For 40 years, my grandfather held the office of chief rabbi of Basel, a city to which he had come at the age of 23. Although unwavering in his religious principles, which he sought to inculcate and foster in the community, he was exceedingly tolerant toward those of other beliefs.
Religion, he proclaimed on the 25th anniversary of his rabbi inauguration, is the free, unrestrained manifestation of the human heart, and only as such has it any inherent value. There should be no constraint and no duress in religious matters.
In all the sermons and writings he bequeathed to us, there is not a single disparaging or harsh word against those whose religious beliefs deviated from his own.
That attitude helps answer a perplexing question about the movement that would lead to the founding of the modern state of Israel: Why, of all places, did it start in Basel?
The First Zionist Congress took place in Basel in 1897. At this time, there was only a small Jewish community in Basel, the majority of whose members originated from Alsace. The congress literally burst into the lives to this quiet Jewish community.
The first session of the congress took place on Sunday morning, Aug. 29. My grandfather was particularly impressed by the fact that, on the previous Thursday afternoon, many congressional delegates had been firmly convinced that a decision would be made late on Thursday as to whether the congress would take place at all. A tradition has it that the Messiah would not appear on a Friday or the Sabbath. He could, however, appear by Thursday evening -- and if so there would be no need for the congress. Should he not arrive by that time, then it was certain he would also not appear on Friday or Saturday. Thus, the congress could take place on Sunday.
This anecdote was typical of the prevailing attitude at the time, when many people felt there was a conflict between the Zionist Movement founded by the Viennese journalist Theodor Herzl, and the popular view that Messianic belief did not envisage the premature transference of the Holy Land into the political ownership of the Jewish people.
For these and other reasons, large sections of European Jewry were strongly opposed to the establishment of the Zionist Congress. This attitude led organizers to abandon their first choice of Munich as the congress's center. Political Zionism -- something the vast majority of Jews proclaim today -- was a deeply divisive issue then, with many religious Jews fiercely opposed. The organizers scouted around for another city. My grandfather's attitude, deeply traditional yet open- minded, tipped the balance in favor of Basel.
Herzl wrote to my grandfather: "We shall never forget your truly sincere and honest behaviour and your willingness to hold the Zionist Congress in Basel. Without any undue concessions, you have found a common ground for reconciliation -- that is perhaps one of the most splendid achievements of these days, which will go down in the history of the Jews."
The discussions between my grandfather and the various rabbis who had come to Basel revolved mainly around the question of how it would be possible to win over religious circles in the West for the Zionist cause. During one such conversation, my grandfather said: "If you knew the Zionists in Switzerland and their particular religious views, you would find it hard to endorse the Zionist cause." With a smile, his Eastern European Jewish colleague replied: "You should first see my Zionists."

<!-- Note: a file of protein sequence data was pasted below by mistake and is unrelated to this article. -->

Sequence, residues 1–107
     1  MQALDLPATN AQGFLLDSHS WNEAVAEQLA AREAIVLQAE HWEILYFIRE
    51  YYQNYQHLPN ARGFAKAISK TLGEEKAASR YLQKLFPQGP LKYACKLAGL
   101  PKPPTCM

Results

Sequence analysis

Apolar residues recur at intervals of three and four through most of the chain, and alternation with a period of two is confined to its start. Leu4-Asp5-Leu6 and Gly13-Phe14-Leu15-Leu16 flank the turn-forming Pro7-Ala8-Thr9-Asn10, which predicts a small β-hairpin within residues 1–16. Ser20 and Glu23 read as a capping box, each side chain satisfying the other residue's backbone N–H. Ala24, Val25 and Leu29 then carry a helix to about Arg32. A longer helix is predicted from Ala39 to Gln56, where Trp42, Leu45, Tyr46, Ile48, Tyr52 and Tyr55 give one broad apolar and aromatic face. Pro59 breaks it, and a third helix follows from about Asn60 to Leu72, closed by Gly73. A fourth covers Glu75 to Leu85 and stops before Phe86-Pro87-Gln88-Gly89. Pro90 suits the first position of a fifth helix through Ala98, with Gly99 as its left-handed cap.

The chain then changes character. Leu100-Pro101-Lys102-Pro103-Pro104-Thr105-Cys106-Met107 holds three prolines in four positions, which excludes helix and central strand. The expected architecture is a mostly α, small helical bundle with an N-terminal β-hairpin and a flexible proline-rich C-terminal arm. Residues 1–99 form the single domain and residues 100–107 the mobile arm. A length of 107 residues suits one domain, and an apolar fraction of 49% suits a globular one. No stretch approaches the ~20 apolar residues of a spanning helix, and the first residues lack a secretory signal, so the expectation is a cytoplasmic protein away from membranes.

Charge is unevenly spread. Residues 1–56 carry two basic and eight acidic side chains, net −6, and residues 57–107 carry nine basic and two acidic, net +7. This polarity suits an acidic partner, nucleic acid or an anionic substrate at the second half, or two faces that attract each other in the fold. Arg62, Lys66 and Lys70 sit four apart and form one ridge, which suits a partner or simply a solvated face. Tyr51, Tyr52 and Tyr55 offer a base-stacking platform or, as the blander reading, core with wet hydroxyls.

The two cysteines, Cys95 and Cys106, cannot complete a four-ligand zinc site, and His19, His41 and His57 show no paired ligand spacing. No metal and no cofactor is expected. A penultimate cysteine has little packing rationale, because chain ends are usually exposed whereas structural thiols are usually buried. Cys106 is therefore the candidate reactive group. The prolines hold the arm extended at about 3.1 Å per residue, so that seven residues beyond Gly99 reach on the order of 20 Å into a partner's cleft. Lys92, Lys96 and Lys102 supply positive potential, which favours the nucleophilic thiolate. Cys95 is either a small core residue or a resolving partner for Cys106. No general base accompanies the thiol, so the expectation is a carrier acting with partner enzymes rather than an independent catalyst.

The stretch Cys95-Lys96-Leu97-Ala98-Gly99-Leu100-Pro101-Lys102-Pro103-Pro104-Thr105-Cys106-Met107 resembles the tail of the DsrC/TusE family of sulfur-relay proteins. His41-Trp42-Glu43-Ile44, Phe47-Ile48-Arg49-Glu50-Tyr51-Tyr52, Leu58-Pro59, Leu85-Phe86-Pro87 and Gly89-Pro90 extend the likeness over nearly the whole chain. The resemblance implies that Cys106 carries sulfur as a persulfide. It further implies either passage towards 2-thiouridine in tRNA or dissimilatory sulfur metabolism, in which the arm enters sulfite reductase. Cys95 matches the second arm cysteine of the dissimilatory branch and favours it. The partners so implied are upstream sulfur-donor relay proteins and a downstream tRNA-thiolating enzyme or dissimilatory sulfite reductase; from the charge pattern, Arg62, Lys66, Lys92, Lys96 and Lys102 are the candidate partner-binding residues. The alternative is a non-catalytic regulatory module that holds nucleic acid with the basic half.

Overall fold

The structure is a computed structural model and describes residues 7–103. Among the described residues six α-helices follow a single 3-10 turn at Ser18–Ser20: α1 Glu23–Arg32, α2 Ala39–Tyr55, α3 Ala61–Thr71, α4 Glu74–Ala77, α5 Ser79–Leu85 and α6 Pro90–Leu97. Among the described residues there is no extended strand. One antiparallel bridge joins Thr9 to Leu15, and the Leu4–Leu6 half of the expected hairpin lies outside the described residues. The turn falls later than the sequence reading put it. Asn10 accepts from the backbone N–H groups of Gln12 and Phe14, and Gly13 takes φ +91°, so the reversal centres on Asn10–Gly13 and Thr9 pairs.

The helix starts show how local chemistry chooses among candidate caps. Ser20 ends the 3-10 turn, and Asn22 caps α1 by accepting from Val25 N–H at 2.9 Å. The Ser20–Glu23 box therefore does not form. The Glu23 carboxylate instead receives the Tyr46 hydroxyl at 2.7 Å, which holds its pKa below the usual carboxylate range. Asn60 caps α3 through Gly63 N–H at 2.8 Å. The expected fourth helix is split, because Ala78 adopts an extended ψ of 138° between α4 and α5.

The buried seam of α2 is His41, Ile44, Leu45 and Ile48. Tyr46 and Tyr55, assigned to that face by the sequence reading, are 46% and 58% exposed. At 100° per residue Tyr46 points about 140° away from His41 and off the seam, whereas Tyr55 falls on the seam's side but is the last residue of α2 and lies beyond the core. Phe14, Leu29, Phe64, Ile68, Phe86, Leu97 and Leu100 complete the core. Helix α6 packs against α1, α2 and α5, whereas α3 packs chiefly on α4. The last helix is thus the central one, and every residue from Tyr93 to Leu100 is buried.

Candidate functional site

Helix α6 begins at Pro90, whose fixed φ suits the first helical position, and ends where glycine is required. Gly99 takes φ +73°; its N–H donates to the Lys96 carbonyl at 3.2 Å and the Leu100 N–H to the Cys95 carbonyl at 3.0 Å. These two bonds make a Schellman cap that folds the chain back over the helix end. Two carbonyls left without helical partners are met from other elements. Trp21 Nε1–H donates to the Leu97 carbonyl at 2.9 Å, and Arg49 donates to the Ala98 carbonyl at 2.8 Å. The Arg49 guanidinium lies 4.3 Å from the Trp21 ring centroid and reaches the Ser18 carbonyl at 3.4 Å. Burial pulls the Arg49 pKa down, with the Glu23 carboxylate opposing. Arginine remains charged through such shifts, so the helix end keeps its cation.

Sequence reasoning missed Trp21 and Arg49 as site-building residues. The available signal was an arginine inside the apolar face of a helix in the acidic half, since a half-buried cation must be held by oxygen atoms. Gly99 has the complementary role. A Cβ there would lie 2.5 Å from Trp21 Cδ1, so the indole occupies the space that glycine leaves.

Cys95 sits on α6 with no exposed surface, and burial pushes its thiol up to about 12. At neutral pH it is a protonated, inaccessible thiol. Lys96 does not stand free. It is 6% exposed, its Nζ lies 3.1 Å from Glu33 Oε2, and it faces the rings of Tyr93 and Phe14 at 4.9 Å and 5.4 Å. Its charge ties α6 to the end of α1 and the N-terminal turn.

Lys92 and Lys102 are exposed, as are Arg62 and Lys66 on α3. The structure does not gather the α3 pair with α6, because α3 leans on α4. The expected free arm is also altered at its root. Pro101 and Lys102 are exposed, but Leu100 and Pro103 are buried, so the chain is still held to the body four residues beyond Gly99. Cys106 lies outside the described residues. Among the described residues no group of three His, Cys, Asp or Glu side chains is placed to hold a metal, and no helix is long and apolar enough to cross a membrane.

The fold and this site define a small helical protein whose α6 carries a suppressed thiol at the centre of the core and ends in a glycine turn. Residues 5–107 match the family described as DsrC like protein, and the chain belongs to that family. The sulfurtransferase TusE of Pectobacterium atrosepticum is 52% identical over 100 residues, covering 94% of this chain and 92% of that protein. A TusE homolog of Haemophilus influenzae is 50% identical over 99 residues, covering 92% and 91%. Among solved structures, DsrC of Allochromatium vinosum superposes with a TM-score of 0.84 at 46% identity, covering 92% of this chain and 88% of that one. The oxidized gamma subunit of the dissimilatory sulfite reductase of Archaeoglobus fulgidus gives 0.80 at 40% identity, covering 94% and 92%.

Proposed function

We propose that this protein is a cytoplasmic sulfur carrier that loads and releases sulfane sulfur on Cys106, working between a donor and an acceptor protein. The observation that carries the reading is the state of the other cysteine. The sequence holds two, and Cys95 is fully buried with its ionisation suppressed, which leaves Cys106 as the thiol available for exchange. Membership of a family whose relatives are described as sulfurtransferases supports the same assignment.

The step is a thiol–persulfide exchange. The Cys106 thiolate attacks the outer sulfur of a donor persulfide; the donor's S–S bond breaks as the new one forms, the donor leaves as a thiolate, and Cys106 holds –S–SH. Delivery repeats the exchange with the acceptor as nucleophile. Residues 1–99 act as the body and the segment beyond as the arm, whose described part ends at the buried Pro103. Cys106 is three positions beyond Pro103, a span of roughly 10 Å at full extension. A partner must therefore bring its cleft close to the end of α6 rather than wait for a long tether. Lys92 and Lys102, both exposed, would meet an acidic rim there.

Because of his support of the Zionist cause my grandfather encountered misunderstanding and anger from most of his rabbinical colleagues. He endeavored to point out to them the advantages that the Zionists efforts would bring to Judaism, namely the revival of the Hebrew language and the consequent restoration of Jewish interests. Rabbi Breuer told my grandfather: "You will see, dear Rabbi Cohn, in a few more months, no more mention will be made of Zionism." Years later Rabbi Breuer's mother, on hearing of the convening of a later congress, allegedly said: "Does that still exist? My son wrote against it, didn't he?"
My father Marcus Cohn was a renowned lawyer in Basel. In 1949, he was called to the Justice Ministry in Jerusalem, where under Justice Minister Pinhas Rosen he played an important part in the drafting of new laws for the young state, based on Jewish as well as Swiss jurisprudence. For my father, the Zionist congresses represented his first encounters with Jewish scholars, and they left a deep, lasting impression on him.
One small personal recollection remained etched in his memory. My father was just 7 years old and was allowed to accompany home at night one of the Easter European Jewish rabbis who was staying in the most modest hotel in Basel. Bashfully, my father strode side-by-side with the rabbi who turned to him and asked what he was presently learning pertaining to Judaism. Myfather told him the Talmudic Tractate Beitza, which deals with the holidays.
Yet when the rabbi asked him what specifically he was studying, my father felt ashamed because he was unable to answer. Then to my father's surprise the rabbi began to quote Beitza by heart, until he came to the actual point my father had reached in his learning. Deeply astounded and awestruck at such intense Jewish knowledge, my father then proceeded home, overwhelmed by the experience.
One thing will always hold true for our generation as well as for generations to come: In the Swiss city of Basel, only the inner quality is important, not the shiny image reflected on the outside. In this respect, my father and grandfather are said to have set a glowing example. They looked for and found the Jewish light everywhere that the struggle to Judaism was being fought, and they belong to us as living and exemplary links between the generations.
In his final letter to my grandfather, Theodore Herzl expressed this notion far better than I:
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